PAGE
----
After the standard examination of haematylene eosin (HE) stained sections, considered a prerequisite for diagnosis, the pathologist often uses complementary techniques: (“HC” Histochemistry, “IHC” Immunohistochemistry, “ME” Electron Microscopy Molecular Biology) [2] ; which is a limitation of this study, the only service of Anatomie-Pathologie of the country did not have it. Currently some private structures are starting to get some.

The distribution of sex is a function of the histological type. This finding is illustrated by data from the literature [10] . The female predominance of colloidal adenoma in our study is similar to that of the Whickham survey where it is reported that the F/H ratio is 6.6/1 [11] . As for the malignant tumors dominated by squamous cell carcinoma, we are getting closer to the international findings where squamous cell carcinoma of the upper air-digestive tract (VADS) represents the major part of the oncology of the neck and the face [12] [13] [14] [15] . More than 90% of these men are men with a long history of smoking, heavy chronic alcoholism and arduous working conditions [13] .

The occurrence of squamous cell carcinoma is poorly distributed in the age groups. We noted its rarity in children (two cases) and a high prevalence in the elderly. The authors reported that the occurrence of carcinomas are rare in the juvenile age, and meet in the fifth and sixth decade of life [13] [14] .

Nasosinus lesions accounted for 47.33% (213 cases) and carcinomas were the most common, as in the Tshisau and Kharoubi series, where carcinomas accounted for 50% - 70% of all primary cancers of the nasal cavity [16] [17] . Papilloma was the second most common tumor of nasosinus tumors after carcinoma.

Nowadays it is described as a rare tumor and accounts for 0.5% to 4% of benign naso-sinus tumors [18] . Rhinoscleroma is a chronic disease caused by an enterobacterium (Klebsiella rhinoscleromatis) that has a remarkable tropism for the upper airways. It is a cosmopolitan disease with high endemic areas in countries with low socio-economic development [19] . The predominance of the female sex and the predilection between 20 and 40 years is the prerogative of rhinoscleroma; we shared the same results [8] [10] [19] .

Squamous cell carcinoma accounts for 90% of all laryngeal malignancies [20] . Their incidence is gradually increasing in young adults and women, especially in urban areas. This finding corroborates with our study in which carcinoma constituted 95.55% of laryngeal cancers. The rarity of sarcoma in our study is a report reported by the authors, they are exceptional in the larynx [15] .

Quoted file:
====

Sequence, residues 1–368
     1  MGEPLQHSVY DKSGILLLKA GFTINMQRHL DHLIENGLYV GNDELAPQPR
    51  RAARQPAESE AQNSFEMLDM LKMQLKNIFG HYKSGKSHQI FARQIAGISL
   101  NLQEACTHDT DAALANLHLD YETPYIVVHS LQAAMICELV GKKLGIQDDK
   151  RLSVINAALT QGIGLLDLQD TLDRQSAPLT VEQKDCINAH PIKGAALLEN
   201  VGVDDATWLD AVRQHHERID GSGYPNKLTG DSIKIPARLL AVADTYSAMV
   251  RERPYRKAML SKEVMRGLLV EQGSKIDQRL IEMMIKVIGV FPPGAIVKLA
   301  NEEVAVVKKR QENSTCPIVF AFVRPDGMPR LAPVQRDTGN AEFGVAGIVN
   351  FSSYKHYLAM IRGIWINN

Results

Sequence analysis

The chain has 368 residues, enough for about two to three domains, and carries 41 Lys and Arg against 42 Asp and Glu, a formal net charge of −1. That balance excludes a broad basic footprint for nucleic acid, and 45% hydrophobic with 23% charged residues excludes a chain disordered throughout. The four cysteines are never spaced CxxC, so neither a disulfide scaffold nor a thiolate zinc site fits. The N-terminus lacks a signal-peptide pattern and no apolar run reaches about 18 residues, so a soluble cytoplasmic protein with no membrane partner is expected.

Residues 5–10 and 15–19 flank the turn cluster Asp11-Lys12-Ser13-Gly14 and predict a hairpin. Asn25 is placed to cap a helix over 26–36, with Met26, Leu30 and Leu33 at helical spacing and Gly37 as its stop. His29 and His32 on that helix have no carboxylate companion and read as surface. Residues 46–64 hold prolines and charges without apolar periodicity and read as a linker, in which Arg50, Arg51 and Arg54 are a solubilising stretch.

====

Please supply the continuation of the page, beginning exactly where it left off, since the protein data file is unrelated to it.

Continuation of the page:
Laryngeal papillomas are the preserve of children, who can see each other before 10 years of age in two-thirds of cases [21] . This condition accounted for 38.46% in children under 15 years.

Papillary thyroid carcinoma has the reputation of being the most frequent thyroid cancer as in the work of Bouchair [22] . Vesicular, trabecular and anaplastic carcinomas are reported by authors following papillary carcinoma [23] [24] [25] , which joins our study.

The prevalence of parotid benign tumors reaches 60% to 74.5% with the pleomorphic adenoma in mind. Benign tumors were the most common in our study. The parotid is the most important gland of the salivation system. All tumor varieties can be seen at any age and regardless of sex [26] [27] . We noted two cases of parotid carcinoma.

The twelve cases of tuberculosis found in our study were distributed unequally. The lymph node involvement was predominant followed by laryngeal and tonsillar involvement. Tuberculosis continues to exist, despite the eradication campaigns, it remains a frequent occurrence in endemic countries [10] [28] .

5. Conclusion

Histology is a crucial element in the diagnostic process. Expertise is most often needed to confirm the diagnosis of these often rare, and often unrecognized lesions. This precise diagnosis guarantees a suitable treatment.

Cite this paper
Samaké, D. , Sidibé, Y. , Koné, F. , Niangaly, H. , Diamouténé, K. , Konaté, N. , Neuilly, N. , Camara, N. , Diarra, K. , Haidara, A. , Soumaoro, S. , Guindo, B. , Singaré, K. , Timbo, S. , Kéïta, M. and Mohamed, A. (2019) Histological Profile of ENT and Cervico-Facial Lesions in Mali. International Journal of Otolaryngology and Head & Neck Surgery, 8, 61-69. doi: 10.4236/ijohns.2019.81007.